This year’s team can have no such regrets.  Their success has brought glory and honour to Athy and to their club.  In years to come someone else’s pen will no doubt write of the footballing exploits of the men in red who in 2011 blazed a trail of success across Kildare county before venturing further afield into the hitherto unknown realm of Leinster football.

Thursday, December 8, 2011

Athy's Lions Club / The Pipe Shop and Mrs. Mahon

Athy Lions Club, a member of the world’s largest charitable organisation, celebrated its 40th anniversary last week.  I have previously written of the Lions Club and the very discreet way in which it goes about its charitable work within the local community.  Several of the founding members of the club attended the 40th anniversary dinner held in the Clanard Court Hotel.  It was marvellous to see men who had freely given of their time over the years presented with Certificates to mark the occasion.  The one person missing that night who more than anyone else personified Lionism within the local community was Johnny Watchorn.  Johnny, who has not been well for some time, served for many years on the National Executive of Lions Ireland and did trojan work for the Lions Club at national and local level.

Some of the major projects in which Johnny and his colleagues were involved over the years included the acquisition and development of the former Dreamland Ballroom as a community-based activity centre.  Now known as A.R.C.H., the former ballroom is also home to the Aontas Ogra group which has been active for over 50 years. 

Another major project was the development of the Sheltered Housing Scheme at St. Vincent’s Hospital.  This was an initiative of the Lions Club in conjunction with the Eastern Health Board and Kildare County Council and was quite a unique project in its day.  Its success has been replicated in several other counties since then. 

Earlier I referred to the men of Athy Lions Club for in its early years and indeed for quite a long time it was the exclusive reserve of males.  No longer so, for Athy Lions Club has broadened out to welcome female members whose contribution to the work of the organisation is extremely important.  The past and present members of Athy Lions Club are to be congratulated on the huge contribution they have made to the local community over the last 40 years.

No matter how many times I passed the Pipe Shop I had not found out the story behind its unusual name.  Now that Kathleen Webberly recently announced her retirement I felt obliged to find out more about the William Street shop.

I understand the original ‘Pipe Shop’ was opened beside Doyle Brothers in or around 1940 by Mary Lalor of 5 St. Martin’s Terrace.  Mary was a Court stenographer and also a local newspaper reporter.  She was also a writer of some merit and her novel ‘The Hidden Menace’ was published by English publishers Arthur Stockwell in 1927.  The Pipe Shop was presumably so called to reflect its principal business as purveyors of piped tobacco and pipes, although it was during Mary Lalor’s time also the local centre for a lending library.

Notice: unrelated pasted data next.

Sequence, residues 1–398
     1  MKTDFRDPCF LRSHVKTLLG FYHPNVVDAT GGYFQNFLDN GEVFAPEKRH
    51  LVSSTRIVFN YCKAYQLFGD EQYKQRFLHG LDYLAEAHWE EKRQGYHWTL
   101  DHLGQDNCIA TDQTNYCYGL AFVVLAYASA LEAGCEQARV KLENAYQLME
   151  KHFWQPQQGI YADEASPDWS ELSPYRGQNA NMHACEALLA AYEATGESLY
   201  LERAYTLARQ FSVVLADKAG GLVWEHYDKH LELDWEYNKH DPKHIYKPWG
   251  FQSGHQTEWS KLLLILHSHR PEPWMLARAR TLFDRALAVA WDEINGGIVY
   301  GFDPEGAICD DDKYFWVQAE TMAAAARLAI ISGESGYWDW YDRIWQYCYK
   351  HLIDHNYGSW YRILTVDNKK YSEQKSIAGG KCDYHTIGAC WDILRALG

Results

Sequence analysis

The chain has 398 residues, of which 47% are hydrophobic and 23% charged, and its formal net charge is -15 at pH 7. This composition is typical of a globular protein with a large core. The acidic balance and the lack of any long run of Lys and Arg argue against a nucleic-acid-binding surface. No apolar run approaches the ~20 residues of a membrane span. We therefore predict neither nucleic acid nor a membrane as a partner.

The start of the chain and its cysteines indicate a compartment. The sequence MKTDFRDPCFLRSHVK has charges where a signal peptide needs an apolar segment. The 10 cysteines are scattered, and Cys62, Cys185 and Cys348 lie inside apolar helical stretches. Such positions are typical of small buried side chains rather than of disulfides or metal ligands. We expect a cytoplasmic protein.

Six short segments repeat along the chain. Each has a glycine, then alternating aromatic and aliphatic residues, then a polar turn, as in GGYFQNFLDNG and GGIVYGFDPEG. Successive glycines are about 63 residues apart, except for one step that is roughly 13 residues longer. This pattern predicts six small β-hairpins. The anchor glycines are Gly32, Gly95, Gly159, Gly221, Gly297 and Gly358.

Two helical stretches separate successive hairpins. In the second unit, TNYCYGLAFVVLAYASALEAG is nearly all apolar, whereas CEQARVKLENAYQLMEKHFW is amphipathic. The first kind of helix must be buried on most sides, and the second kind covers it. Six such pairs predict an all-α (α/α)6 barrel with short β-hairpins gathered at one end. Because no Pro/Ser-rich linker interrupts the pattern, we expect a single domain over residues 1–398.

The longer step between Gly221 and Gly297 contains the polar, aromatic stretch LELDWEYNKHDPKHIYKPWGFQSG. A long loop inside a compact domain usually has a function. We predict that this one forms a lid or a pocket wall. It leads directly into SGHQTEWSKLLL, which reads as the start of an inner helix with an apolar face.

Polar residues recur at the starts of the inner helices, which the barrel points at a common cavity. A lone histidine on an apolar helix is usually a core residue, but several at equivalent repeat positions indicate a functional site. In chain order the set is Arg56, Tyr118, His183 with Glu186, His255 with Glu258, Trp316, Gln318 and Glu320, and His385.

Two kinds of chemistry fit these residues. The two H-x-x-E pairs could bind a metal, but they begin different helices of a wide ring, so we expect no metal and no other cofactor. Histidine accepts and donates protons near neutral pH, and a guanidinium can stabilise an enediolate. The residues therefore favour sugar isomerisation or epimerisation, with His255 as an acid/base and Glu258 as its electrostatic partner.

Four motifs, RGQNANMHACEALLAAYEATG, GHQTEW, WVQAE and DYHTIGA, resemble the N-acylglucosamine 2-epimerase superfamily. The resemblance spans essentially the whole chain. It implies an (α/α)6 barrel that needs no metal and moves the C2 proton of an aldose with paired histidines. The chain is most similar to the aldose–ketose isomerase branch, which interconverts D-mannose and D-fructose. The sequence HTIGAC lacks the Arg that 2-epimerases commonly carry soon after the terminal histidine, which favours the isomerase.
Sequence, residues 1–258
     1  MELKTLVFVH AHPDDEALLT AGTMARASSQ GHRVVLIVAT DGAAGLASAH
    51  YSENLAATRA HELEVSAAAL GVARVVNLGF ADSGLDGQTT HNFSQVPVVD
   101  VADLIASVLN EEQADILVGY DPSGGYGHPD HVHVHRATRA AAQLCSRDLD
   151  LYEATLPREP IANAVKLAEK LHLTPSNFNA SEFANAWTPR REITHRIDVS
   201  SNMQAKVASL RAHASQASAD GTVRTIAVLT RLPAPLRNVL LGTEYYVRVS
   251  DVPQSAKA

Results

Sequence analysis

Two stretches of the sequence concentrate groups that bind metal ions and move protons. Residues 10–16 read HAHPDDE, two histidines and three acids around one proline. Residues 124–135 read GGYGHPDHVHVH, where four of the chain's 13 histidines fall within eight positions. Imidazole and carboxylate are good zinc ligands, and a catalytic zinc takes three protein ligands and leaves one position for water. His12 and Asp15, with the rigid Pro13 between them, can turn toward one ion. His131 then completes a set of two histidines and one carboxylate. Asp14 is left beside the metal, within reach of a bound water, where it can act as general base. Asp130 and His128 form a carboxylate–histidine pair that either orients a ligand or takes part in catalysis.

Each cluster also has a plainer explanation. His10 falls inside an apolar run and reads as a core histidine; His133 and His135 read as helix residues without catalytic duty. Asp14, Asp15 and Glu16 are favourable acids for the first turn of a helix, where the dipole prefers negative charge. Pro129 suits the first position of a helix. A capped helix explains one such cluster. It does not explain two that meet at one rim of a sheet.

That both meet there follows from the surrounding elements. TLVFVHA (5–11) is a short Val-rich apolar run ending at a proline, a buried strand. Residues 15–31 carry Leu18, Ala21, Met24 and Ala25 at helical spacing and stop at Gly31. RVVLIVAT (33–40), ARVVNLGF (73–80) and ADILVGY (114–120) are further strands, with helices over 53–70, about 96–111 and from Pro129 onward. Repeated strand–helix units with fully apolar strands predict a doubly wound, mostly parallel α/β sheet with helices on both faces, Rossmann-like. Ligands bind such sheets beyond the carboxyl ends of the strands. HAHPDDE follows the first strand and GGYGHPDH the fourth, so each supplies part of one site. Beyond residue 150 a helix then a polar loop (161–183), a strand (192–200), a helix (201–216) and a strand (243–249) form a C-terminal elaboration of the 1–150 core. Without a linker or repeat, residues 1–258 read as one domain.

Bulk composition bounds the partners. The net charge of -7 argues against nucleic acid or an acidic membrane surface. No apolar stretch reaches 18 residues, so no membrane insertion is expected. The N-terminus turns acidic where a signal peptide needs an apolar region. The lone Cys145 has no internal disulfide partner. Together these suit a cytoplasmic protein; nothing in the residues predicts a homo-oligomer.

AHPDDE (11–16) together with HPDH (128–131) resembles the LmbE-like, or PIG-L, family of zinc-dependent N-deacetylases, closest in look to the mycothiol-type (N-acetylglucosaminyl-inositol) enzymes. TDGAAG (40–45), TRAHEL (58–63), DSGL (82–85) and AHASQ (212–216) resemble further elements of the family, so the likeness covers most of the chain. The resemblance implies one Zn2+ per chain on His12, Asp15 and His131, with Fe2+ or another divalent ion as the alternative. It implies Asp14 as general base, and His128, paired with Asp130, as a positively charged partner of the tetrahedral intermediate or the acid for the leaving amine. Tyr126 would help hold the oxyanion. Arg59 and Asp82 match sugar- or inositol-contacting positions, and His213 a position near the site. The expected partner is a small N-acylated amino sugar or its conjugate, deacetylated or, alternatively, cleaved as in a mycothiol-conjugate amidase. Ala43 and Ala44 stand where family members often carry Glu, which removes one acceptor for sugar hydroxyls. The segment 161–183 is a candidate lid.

Mary’s sister, Ann Patricia, married Garda Michael Mahon who was attached to the local Garda Station but following his death at an early age in 1943 she joined her sister Mary in running the Pipe Shop.  The shop business for a short while moved across to what is now Tully’s Travel and soon afterwards transferred to its present location when those premises were purchased from local man Georgie Farrell.

Mary Lalor, who had been ill for some time, died in February 1949 and Mrs. Mahon continued the business in her own right, greatly assisted by her youngest daughter Patricia.  The Pipe Shop was later sold to the Bolger family and it eventually came into the ownership of the Peter and Kathleen Webberly.

In my youth the Pipe Shop had long forgone its original trade of pipe and tobacco but continued to meet the daily needs of workers in nearby Minch Nortons and the Asbestos Factory as well as the local people from Gouleyduff to Pairc Bhride.  Toys, groceries, sweets, tobacco, icecream and a myriad of other goods were sold in the Pipe Shop and after some time Mrs. Mahon was also allowed to sell newspapers.

The sale of newspapers was until recent years subject to restrictive practices which made it extremely difficult for shopkeepers to become newsagents.  Mrs. Mahon overcame the objections of several local newsagents with the kind assistance of Ernest O’Rourke Glynn who was himself a newsagent operating from his nearby corner shop.  Newspaper sales were an important source of sales revenue and the arrival of the mail van at the local Post Office early each morning with the Dublin newspapers signalled the start of a busy day for local newsagents.  Miss Carolan’s supply of papers was collected by Mary Carty, while Denis Chanders brought Mrs. Mahon’s papers to the Pipe Shop.  In the meantime Ernest O’Rourke Glynn collected his newspapers to fulfil his orders which were believed to be the largest in Athy.  The papers for the Pipe Shop were counted and the young Denis Chanders quickly commenced his delivery round which brought him down Duke Street and into Leinster Street as far as the Co-operative Stores.  In the meantime Mary Carty made the same journey in the opposite direction, delivering the papers for Miss Carolan’s shop.